Alice Mao

Ever since quarantine lifted, I’ve been getting home at around 2 a.m. almost every night. Even on weekdays, I take the long late-night walk from Davenport to Pauli Murray. No, I’m not woefully drinking or enthusiastically studying into the a.m. It’s just that most of my friends are in the old colleges — where we do casually drink or indifferently study into the early hours of the morning.

I met most of these friends through subgroups of the “Yale University Class of 2024” GroupMe, predominantly the “Yale ’24 Modern Art Enthusiasts” chat, which is for first-year LGBTQ+ identifying Yalies. Before coming on campus, it was nice to talk to other gay first-years, especially considering there was a very little LGBTQ+ population in my high school. We often held Zoom meetings where we would just stay up all night talking about random things. Quarantine gave us all this extra time to spend and bond with each other, and through that, some really strong friendships were formed.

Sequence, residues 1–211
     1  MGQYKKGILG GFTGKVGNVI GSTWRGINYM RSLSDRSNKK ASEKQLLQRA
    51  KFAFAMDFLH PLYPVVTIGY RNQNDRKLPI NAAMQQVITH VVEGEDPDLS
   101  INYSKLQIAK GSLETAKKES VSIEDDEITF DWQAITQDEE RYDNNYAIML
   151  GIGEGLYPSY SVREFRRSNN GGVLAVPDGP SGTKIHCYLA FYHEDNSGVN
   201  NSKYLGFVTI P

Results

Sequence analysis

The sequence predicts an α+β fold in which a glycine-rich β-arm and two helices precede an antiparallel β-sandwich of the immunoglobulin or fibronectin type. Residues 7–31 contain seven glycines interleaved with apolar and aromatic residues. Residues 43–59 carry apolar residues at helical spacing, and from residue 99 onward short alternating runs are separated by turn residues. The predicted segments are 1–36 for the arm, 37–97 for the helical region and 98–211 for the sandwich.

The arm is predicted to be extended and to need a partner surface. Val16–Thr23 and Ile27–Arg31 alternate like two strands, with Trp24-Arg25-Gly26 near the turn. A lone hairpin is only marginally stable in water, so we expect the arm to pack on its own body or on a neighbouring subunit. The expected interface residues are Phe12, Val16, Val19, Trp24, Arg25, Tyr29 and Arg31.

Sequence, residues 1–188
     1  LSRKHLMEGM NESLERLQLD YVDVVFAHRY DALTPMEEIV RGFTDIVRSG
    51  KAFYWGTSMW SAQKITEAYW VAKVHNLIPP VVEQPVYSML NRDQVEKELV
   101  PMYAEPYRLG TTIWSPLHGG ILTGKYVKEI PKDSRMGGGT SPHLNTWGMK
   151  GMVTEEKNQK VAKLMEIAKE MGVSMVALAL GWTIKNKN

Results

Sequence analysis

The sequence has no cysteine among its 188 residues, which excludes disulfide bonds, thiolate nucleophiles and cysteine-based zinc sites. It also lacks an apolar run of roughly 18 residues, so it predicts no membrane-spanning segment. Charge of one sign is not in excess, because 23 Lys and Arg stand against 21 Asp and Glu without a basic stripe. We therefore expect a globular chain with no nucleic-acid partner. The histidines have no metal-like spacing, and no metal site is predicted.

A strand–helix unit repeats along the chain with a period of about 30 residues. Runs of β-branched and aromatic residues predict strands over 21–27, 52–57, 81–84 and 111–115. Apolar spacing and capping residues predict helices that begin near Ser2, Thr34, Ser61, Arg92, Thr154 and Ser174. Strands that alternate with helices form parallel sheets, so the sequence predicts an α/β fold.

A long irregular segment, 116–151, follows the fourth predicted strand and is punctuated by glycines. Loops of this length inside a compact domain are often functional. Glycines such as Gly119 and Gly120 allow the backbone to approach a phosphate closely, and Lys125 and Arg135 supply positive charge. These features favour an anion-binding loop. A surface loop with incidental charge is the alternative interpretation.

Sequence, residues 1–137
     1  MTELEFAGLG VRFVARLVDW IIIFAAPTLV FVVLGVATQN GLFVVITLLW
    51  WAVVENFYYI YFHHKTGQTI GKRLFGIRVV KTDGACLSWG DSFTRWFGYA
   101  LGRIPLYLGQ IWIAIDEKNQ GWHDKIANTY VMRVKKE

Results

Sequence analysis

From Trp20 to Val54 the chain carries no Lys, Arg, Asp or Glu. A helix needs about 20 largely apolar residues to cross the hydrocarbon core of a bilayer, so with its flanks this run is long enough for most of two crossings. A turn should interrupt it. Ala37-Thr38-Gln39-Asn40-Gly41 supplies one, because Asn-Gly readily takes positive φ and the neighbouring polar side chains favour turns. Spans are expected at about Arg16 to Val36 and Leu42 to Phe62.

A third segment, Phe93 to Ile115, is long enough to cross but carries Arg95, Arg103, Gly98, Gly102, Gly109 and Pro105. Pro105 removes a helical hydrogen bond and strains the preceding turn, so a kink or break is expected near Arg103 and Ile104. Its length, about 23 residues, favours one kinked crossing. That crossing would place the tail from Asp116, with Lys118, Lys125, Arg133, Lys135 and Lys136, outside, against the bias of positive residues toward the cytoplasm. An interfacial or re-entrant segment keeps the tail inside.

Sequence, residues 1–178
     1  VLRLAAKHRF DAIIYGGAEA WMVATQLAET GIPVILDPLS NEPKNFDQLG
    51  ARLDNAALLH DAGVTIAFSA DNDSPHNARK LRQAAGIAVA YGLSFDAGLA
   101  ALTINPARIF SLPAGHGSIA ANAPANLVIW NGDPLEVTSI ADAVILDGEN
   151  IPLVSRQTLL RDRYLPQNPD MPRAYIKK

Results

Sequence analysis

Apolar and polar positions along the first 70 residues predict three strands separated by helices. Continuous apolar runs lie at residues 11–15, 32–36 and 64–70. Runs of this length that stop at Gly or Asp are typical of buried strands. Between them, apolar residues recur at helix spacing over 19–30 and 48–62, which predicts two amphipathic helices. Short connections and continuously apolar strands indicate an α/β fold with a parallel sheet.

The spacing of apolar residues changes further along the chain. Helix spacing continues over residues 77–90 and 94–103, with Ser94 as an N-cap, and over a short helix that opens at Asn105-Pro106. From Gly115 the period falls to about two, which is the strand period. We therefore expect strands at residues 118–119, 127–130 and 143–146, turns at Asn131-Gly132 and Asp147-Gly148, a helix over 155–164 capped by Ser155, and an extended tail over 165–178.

As to not completely dox my friends, I’ll call them by different names. I met Syd, one of my closest friends at Yale, through the chat. He lives in Branford, so I do my homework and study there quite often. On the weekends, though, a small group of friends and I spend our nights in Daryl’s suite in Silliman, another good friend of mine. I feel horrible for him. We’re usually both the designated sober buddies and watch over everyone else there. However, I tend to have just as much fun sober as those tipsy or drunk. Have you ever listened to “Friday Night Placebo” by Sidney Gish? Well, yeah. I too sink into the music just like the Dead Sea and try and go further till buoyancy floats me.